By José Abeto Zaide
The ill-starred stint of Gina Lopez as environment secretary came to its predictable end when the Commission on Appointments rejected her appointment with finality on the third hearing last 3 May.
Senators who voted for Lopez’s confirmation said they were saddened but they respect the decision of the majority. Senate Minority Floor Leader Franklin Drilon said the Liberal Party voted as a bloc for Lopez’s confirmation. Senator Loren Legarda, an environment advocate, said: “It is unfortunate that we let pass an opportunity for the Department of Environment and Natural Resources to be led by someone who has the passion, integrity, and political will to implement our environmental laws.” Some others shed crocodile tears.
MOUNTAIN COMES TO MOHAMMED. Because she isn’t one to sulk and lick her wounds, friends and detractor have not seen the end of Gina Lopez. On 5 October, Regina Paz Lopez was conferred the 2017 Seacology Prize at the David Bower Center in Berkeley, California, for her work protecting the unique habitats and cultures of islands. But as a notable exception and to manifest their esteem for this year’s awardee, the Seacology Founder and Chair Dr. Paul Cox, the Vice Chair Ken Murdock and the Executive Director Duane Silverstein flew in to honor the 26th prize awardee in her home country. I cull from the words on the conferment which read:
“It take uncommon bravery to speak out for conservation. Powerful interests often oppose people who defend their island’s environment. Every Seacology Prize recipient faced resistance, personal sacrifice and risk.
“The first prize winner Chief Ulu of Samoa was protecting his village ancestral rainforest and resisted pressure from logging companies. Last year’s winner from Honduras became even more committed after another environmental activist was assassinated in her country. In Madagascar, against mining and longing interests, another prize recipient scraped money to buy bits of land to preserve his own nature preserve. The Japanese recipient endured harsh circumstances from his community when he proposed putting a stop to logging in nearby forest.
“Gina Lopez’s circumstances are unique and stand out when compared to many former recipients . She has been fortunate to have the benefits of education and opportunity. But she has used those advantages to speak and act for people who are not as fortunate. People without a voice, whose environmental circumstances and way of life are threatened.
“That said, Gina Lopez has much in common with other Seacology Prize recipients. Like them, she cares deeply about protecting island environments. Like them, she has stepped up to take action, and has stood up to powerful interests. And like them, she has demonstrated passion, persistence and courage.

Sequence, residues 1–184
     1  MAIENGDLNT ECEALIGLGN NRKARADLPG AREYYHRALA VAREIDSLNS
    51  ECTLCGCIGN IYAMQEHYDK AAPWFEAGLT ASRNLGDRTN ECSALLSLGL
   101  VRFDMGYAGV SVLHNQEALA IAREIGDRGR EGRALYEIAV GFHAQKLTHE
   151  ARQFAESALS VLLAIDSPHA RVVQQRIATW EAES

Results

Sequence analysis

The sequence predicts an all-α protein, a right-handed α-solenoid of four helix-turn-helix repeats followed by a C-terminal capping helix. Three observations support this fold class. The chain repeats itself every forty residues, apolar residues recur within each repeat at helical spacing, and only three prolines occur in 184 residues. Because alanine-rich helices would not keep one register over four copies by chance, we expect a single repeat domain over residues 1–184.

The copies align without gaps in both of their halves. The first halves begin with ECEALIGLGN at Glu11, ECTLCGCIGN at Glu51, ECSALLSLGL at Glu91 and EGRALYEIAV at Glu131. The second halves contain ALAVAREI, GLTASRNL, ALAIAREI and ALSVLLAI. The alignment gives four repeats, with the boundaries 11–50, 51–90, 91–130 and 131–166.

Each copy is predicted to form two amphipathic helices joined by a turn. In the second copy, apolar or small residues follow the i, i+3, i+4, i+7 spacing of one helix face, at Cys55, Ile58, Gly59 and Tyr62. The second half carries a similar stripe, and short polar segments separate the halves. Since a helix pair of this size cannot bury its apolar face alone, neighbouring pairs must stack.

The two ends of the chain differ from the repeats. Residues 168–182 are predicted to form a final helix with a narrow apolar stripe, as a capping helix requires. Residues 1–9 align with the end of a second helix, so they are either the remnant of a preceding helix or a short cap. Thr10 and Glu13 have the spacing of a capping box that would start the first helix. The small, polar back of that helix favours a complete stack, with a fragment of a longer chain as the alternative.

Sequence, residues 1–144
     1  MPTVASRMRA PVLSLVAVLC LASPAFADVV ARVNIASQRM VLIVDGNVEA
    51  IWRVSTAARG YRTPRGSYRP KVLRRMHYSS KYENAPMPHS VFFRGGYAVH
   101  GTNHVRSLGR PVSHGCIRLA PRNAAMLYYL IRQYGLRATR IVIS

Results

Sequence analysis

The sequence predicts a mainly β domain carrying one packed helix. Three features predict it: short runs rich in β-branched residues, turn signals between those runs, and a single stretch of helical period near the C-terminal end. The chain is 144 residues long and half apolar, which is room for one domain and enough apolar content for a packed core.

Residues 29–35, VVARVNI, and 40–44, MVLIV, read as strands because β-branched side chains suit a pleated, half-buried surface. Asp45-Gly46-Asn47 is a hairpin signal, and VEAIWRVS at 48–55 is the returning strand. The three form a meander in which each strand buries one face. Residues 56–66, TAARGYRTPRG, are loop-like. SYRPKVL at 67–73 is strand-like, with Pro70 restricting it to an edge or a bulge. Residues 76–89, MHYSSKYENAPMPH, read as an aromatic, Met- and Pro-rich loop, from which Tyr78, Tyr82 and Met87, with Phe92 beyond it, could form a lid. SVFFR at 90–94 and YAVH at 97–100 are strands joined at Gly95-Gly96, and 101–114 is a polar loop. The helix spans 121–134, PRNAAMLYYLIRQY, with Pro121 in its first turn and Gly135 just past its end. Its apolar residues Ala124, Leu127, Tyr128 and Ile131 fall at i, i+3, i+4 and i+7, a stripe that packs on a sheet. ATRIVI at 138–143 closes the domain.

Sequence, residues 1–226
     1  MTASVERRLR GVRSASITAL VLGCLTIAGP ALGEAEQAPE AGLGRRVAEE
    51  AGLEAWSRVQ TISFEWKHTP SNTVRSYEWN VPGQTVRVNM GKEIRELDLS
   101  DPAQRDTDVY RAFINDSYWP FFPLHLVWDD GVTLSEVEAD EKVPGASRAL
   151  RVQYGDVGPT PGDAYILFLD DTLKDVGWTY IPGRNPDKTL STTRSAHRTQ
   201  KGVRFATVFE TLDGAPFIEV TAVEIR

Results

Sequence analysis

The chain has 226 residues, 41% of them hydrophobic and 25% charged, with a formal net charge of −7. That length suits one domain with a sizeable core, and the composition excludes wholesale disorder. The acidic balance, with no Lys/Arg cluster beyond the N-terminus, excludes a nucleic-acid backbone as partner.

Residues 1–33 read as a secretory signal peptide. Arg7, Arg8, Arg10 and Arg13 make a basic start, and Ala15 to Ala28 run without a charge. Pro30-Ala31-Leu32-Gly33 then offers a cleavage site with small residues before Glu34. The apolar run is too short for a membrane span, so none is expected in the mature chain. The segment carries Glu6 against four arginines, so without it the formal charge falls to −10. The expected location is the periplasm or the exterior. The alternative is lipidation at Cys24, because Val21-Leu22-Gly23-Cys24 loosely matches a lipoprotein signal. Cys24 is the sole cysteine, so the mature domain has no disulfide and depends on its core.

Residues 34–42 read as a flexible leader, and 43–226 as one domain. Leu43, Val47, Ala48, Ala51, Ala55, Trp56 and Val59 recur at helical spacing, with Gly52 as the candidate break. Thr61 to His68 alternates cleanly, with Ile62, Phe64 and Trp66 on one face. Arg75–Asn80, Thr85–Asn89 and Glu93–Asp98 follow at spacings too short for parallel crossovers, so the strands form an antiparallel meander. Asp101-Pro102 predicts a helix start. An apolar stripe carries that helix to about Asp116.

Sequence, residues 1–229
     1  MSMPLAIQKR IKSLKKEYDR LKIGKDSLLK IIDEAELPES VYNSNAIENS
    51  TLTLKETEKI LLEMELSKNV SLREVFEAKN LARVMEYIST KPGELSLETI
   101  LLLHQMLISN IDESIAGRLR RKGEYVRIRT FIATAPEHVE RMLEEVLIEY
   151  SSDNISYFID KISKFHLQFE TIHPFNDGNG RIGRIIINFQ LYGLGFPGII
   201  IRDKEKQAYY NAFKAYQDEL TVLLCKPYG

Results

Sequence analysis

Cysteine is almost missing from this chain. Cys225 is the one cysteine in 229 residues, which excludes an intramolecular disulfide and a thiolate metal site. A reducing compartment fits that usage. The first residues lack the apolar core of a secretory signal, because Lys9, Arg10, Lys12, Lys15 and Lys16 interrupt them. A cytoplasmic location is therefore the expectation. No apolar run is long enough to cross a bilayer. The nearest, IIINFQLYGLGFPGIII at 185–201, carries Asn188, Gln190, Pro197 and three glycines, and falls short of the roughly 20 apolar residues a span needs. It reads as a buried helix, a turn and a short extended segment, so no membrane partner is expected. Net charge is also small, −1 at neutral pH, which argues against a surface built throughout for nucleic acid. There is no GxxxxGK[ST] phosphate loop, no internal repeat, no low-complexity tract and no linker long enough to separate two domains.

“This year, we are very pleased to award the 2017 Seacology Prize to Gina Lopez, for her extensive work in protecting the culture and environment of the Philippines.”
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Gina’s first act on receiving the award was to match the prize money to double the energy towards preserving island environment and culture. She feels that it is not reaching for the stars…when so much of the resources are endemic. She ticked off some of nature’s blessings on Philippine flora species preempted by foreign interests:
Patented by Yves St. Laurent: Ilang-Ilang, source of perfume and exported to Europe.
Patented by Japan: Nata de coco; Sarong, Lagunen and Takipkuhol (Centella Asiatisch); Saluyot, as anti-stress Tablet; Banaba (Lagerstroemia Speciosa) for fever, diarrhea,diabetes and purgative (Japanese firm Itoen KK).
Patented by USA: Philippine sea snail (onus Magus) source of toxin SNX 111, a pain killer more powerful than morphine (NeurexCorp.); Philippine tee tree (Taxis Sumatrana),source of cancer-curing Taxol (University of Philadelphia); Ampalaya, Vitamin A-richvegetble; Ampalaya mixed with eggplant as cure for diabetes (Cromak Research Inc).
In accepting the prize, Gina Lopez said, “The Philippines is a country of 7,107 islands, and I hope this award will affect the entire country. And because the Philippines has so many diverse ecosystems, and so many animals and plants found nowhere else, saving our islands has direct global impact as well.”
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BLUE EAGLE WOUNDED. Despite wangling front-seat tickets at the Smart-Araneta Dome, Oscar Violago missed the deciding Ateneo vs. De La Salle game finals. Sticks and stones can break his bones, and physician Dr. Ignacio compares his accident to a major motoring smash-up. But the worst is over, other than his arm in a sling. Instead of falling on his face. Oca was cushioned by his aide who goes by the name of guardian angel Michael. A Te Deum mass was offered by Fr. Anthony Ynzon, SVD, for this miraculous escape through the intervention of Mama Mary and St. Joseph.
CLASS ACT. We cheered hoarse for our team (from our 50-inch telly view) without adding an iota to the deafening decibels at Smart-Araneta. A steely Isaac Go converted Thirdy Ravena’s back pass for a trey insurance, 85-80. Yet never-say-die Green Archers could have tied an extension with Aljun Melecio’s last-second mid-court trey – (had Blue Eagle Matt Nieto not earlier converted his two charities). Game ended with Ateneo wining, 88-86. But De La Salle president Br. Raymundo B. Suplido, FSC, showed the Jesuits style by bathing the Taft Avenue school façade with blue lights in tribute to the winner.